Drought can have a devastating effect on the yield of corn crops. When water is scarce in an area, the soil dries out and corn plants struggle to take up enough moisture to grow properly. This can lead to stunted growth and reduced yields. Additionally, drought conditions make crops more vulnerable to disease and stress, which further reduces the amount of viable corn that is harvested.
Corn farmers must manage their land and crops in an efficient manner in order to respond effectively to periods of drought. With careful planning, proper management and the use of drought-tolerant seed varieties, it may be possible to mitigate the damaging effects that drought can have on corn farming.
How Does Drought Affect Corn Performance?
Drought is one of the most significant threats to corn production, as it can reduce yields and expose plants to other adverse effects. Unrelenting drought conditions can cause stalks and leaves to dry out and become brittle, reducing photosynthesis and directly stressing the plant.
Extreme heat associated with drought can accelerate insect activity, leading to additional serious problems. All of these things can reduce corn yield, which is the amount of corn a field produces.
Can Corn Tolerate Drought?
Corn is sensitive to lack of water, but some varieties of corn can withstand drought better than others. Often referred to as drought tolerant (DT) corn, these varieties are designed to withstand prolonged dry periods.
These drought-tolerant field corn varieties can help farmers produce higher yields with less water, making it a viable option for areas with scarce water resources.
What Are Signs of Drought in Corn?
Corn is a very sensitive crop. Even slight changes in water availability can affect its growth. Signs of drought in corn include rolling of the leaves — when the edges of the leaves curl as the plant tries to retain moisture — as well as yellowing of leaves and stunted growth.
What Stage of Corn Is Most Sensitive to Drought?
Drought is always detrimental to corn, but the stage corn is most sensitive to drought is when it is silking and pollination. Silking is when the silk, or long and shiny hair-like fibers, emerge from the top of the ear of corn. The function of corn silk is to catch pollen so the corn can be pollinated. The pollen travels down the silk under the corn husk and to the ear, where it creates a kernel.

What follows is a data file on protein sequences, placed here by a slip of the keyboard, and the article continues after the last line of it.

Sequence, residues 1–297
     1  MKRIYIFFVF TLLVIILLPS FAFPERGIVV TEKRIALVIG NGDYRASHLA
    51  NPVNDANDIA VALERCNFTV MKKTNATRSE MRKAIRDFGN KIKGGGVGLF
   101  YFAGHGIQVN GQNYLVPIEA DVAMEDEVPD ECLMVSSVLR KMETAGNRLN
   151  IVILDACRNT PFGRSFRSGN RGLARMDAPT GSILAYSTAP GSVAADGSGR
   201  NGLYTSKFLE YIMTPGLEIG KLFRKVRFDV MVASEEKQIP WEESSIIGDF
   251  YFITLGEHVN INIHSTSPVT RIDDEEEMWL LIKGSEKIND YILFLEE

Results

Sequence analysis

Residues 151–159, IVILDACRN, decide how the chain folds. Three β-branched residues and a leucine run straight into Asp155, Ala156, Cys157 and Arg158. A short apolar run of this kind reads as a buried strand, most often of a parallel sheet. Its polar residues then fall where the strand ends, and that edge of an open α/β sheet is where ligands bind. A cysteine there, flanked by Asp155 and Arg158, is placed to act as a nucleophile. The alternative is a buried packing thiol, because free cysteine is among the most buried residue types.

Any stress during silking is detrimental to the corn plant, because drought could delay the silk in emerging. If that happens, it isn’t there for the pollen to use to get to the ear. The pollen traveling down the silk can be disrupted if the silk is too dry or shriveled to help it along.
What Is the Impact of Early Drought on Corn Yield?
Early drought can have a serious negative impact on corn yield. Extended dry periods can severely stress plants and result in stunted growth, leaf drop and even death of the crop. It also can impede root growth and the dry soil can limit the amount of nutrients the plants can capture.
What is Drought-Tolerant Corn (DT Corn)?
Drought-tolerant corn is designed to survive dry periods. This is accomplished by selectively breeding corn for drought-resistant traits, and also can be achieved by genetically modifying the plants.
In drought-tolerant corn that has been genetically modified, researchers seek to maximize genetic qualities or factors that enhance its ability to grow and remain healthy in conditions that most corn varieties could not.
How Does GMO Corn Withstand Drought?
Genetically modified corn, also called GMO corn, is engineered for a wide variety of beneficial traits. Drought tolerance is just one of those traits. Other varieties of GMO corn have been developed to resist certain types of insects and other pests.
Drought-tolerant varieties of GMO corn have been genetically modified to be more hydro-efficient, which helps them maintain function with less water. Some varieties, for example, contain genetic material that allows them to continue to carry out life processes, such as protein production, in conditions where the plant normally wouldn’t due to lack of water. That is how corn GMOs can resist drought.
What Happens When Corn Has Inadequate Water?
When corn doesn’t get enough water, the plant’s overall health declines and it produces less yield. Water-related stress can stunt corn’s growth, impede leaf development and weaken roots. Corn that doesn’t get enough water will produce fewer kernels on its ears.
If the lack of water is too severe, the corn plant can die.
Why Do Corn Fields Need Irrigation in Nebraska?
Corn needs water to grow and Nebraska’s unique climate with longer, warmer growing seasons means many fields require irrigation, which is a system that delivers stored water to a field when there is not enough rain to meet the corn’s needs. In fact, over the past five years 60% of the state’s corn crop is irrigated — especially in the Central and Western parts of the state. Those irrigated fields produced an average of 71 bushels more per acre during that time frame than non-irrigated corn fields because corn plants in the irrigated fields received more water to support healthy growth..